A Jaguar for Sunday

V12. I had to check that. Really. V12. 

Any care to date this car? 1983?
Any care to date this car? 1983?

Some astonishing things get taken for granted. Mere existence justifies some wild ideas, which a priori, you’d not expect. Maybe it’s because Jaguars aren’t my core area of expertise I felt like I needed to be certain. Surely, I thought, I must be making a mistake. V12s are too complex and huge. V8 it must be… but that seems wrong, too American. 

Surely this is inspired by Douglas Land-Windermere?
Surely this is inspired by Douglas Land-Windermere?

The point here is that you’d never expect such a strange car in advance. Its existence deflects me from noticing that the V12/ridiculous package combination is Mercury far-out. If you were explaining to a visitor from a world where only trains exist you’d find your general outline of carology needed an exception or qualification so as to accomodate the V12 Jaguar 2+2 concept. “But I thought you said cars should be efficiently packaged,” says the alien. “I thought you said only expensive sportscars had V-12s – this cost little of your Earth pounds compared to that Ferrari car…” And so on.

Yet the XJ-S exerts a relentless fascination, demanding I reinforce my arguments on design and how we look at complex objects. The exception tests the rule, as they say. Here’s a great big fat exception. Put that in your pipe.

Author: richard herriott

I like anchovies. I dislike post-war town planning.

10 thoughts on “A Jaguar for Sunday”

  1. I own a 1992 XJR-S 6.0 and for me 75% of the appeal of the car is how objectively terrible it is in so many ways. That people in Jaguar looked at it’s hideous, hideous face and thought “we’re onto a winner here boys” brings me endless joy.

    FWIW the engine is a work of art, and the later ones without the lucas ignition system and it’s rats nest of vacuum pipes are easy enough to keep going.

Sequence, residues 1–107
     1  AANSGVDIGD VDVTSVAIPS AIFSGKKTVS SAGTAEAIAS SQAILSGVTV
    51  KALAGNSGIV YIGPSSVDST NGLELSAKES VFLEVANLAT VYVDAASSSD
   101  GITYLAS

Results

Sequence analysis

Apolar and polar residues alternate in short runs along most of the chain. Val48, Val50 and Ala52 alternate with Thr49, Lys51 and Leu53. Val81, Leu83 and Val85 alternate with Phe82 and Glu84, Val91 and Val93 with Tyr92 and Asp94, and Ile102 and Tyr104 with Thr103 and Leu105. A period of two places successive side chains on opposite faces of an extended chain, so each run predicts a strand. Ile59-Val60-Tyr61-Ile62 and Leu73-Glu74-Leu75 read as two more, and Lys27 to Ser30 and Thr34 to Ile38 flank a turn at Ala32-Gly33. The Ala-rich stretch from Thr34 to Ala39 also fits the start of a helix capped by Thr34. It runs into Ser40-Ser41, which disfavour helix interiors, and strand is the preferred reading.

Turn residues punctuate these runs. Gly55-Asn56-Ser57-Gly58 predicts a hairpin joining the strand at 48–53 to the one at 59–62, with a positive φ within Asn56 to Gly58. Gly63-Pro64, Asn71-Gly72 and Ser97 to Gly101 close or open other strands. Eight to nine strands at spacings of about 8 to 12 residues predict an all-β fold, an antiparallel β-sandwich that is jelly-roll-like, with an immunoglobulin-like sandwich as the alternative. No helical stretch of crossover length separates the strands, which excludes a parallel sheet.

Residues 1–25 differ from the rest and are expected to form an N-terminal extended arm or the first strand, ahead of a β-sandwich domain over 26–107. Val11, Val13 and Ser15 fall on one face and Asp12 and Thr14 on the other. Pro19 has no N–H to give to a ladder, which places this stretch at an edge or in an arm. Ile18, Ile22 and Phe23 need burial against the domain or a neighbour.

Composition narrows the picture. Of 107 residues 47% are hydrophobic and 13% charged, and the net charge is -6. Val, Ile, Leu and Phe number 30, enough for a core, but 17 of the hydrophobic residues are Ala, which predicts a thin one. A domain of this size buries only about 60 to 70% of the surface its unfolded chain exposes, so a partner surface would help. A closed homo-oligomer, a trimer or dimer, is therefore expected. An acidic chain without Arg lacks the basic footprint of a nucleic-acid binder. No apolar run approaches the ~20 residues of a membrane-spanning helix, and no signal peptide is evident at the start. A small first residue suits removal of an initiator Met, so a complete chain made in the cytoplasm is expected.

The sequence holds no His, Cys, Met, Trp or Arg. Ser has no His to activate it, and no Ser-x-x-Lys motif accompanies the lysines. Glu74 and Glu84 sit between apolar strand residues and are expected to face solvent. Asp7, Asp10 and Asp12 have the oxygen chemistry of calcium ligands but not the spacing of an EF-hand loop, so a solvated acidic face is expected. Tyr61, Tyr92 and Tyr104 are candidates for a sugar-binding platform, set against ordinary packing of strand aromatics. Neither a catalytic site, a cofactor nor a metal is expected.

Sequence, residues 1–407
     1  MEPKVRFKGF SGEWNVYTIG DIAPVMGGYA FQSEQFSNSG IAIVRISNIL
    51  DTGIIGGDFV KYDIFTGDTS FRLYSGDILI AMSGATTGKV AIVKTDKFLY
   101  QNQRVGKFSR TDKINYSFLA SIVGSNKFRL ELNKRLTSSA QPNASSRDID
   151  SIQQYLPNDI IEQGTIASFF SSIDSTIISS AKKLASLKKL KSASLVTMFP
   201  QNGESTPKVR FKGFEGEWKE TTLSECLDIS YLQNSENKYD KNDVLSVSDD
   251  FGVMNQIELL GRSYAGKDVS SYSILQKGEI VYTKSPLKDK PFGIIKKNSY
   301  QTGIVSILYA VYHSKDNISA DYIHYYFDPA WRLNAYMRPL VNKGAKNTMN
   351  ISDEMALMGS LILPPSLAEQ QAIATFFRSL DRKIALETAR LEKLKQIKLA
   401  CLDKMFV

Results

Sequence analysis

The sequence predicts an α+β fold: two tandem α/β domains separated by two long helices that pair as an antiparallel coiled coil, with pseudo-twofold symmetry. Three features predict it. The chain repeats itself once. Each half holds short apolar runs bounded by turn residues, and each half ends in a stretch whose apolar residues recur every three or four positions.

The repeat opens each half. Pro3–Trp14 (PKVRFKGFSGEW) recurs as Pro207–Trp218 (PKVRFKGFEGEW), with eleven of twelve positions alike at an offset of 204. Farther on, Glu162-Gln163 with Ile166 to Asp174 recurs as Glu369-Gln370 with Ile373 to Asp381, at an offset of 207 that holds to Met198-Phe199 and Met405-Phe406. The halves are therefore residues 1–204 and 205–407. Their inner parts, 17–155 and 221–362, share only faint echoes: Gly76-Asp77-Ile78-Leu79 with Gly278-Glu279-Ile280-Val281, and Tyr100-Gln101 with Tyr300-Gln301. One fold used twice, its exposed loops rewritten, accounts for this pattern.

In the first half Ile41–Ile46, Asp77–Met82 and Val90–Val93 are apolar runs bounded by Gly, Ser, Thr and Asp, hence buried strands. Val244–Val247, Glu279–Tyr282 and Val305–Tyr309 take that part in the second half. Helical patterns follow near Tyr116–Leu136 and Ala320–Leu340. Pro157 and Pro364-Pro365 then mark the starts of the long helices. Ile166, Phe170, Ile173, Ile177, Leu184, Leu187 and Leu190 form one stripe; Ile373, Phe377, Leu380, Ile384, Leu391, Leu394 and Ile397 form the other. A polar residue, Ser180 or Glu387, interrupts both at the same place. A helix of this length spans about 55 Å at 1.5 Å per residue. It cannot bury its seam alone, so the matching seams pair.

2. It’s a pity your “post of the day” award has only one competitor, Sean’s post about the Trevi.
    There are so many objectively better cars than the XJ-S too yet few can match its general appeal. Mystifying. It’s up against a V8 Bentley (Arnage or Mulsanne) or perhaps a BMW 840 or perhaps an S600? Maybe a Bristol Brigand. Aston Martin Virage? And none offer a truly comparable package, do they?

    1. Interesting post. I think the V12 itself adds something, it’s always going to have something over a V8 of equal or even superior power output. A V8, no matter how large and potent, it ultimately just another example of what must be the 2nd most common engine configuration in the world. Personally I think cross plane V8s are massively overrated anyway, I’d just as soon have an I6.

      I think the XJS appeals because it makes no concessions whatsoever to practical concerns. It does absolutely nothing a series XJ12 cannot do just as well, except for the looks. It’s the ultimate statement of selfishness overindulgence in a car, to a much greater extent than any of the others you mentioned which are all far more sensible and rational than the XJS. Even the fact that it was hopelessly out of date for half the production run adds to it. I think this is why the I6 examples are relatively unappealing, as soon as you make any compromise to good sense the whole package falls apart. Why bother getting a car so ridiculous and then have half the engine removed to save 5mpg? If practicality matters even a jot why are you looking at an XJS?

  3. David: the XJ-S seems like the embodiment of a cartain type of wrong-headed, flamboyant conservatism one only finds in England. It’s saved by sheer charm.

  4. I’m not really into Jaguars (the E-Type is amongst the ugliest cars I can think of), but this XJS is something I’d love to try for a bit. If you’re ever in Amsterdam, visit Theo Koelman’s garage, one of the few inner city garages left in town: http://www.theokoelman.nl/ When I lived in his street I popped in from time to time to have a peek at what he had in and have a chat about engines that would never even fit my humble Saabs if you chopped them in half.

  5. By the way: interesting you spotted this in Denmark, where anything less mundane than a Toyota Auris is considered extravagant.

  6. You ask how old the car is? The fitment of the ‘lattice’ alloy wheels and more deeply bolstered front seats date it between 1988-1990. The XJ-S didn’t change much externally for the first fifteen years of its life.

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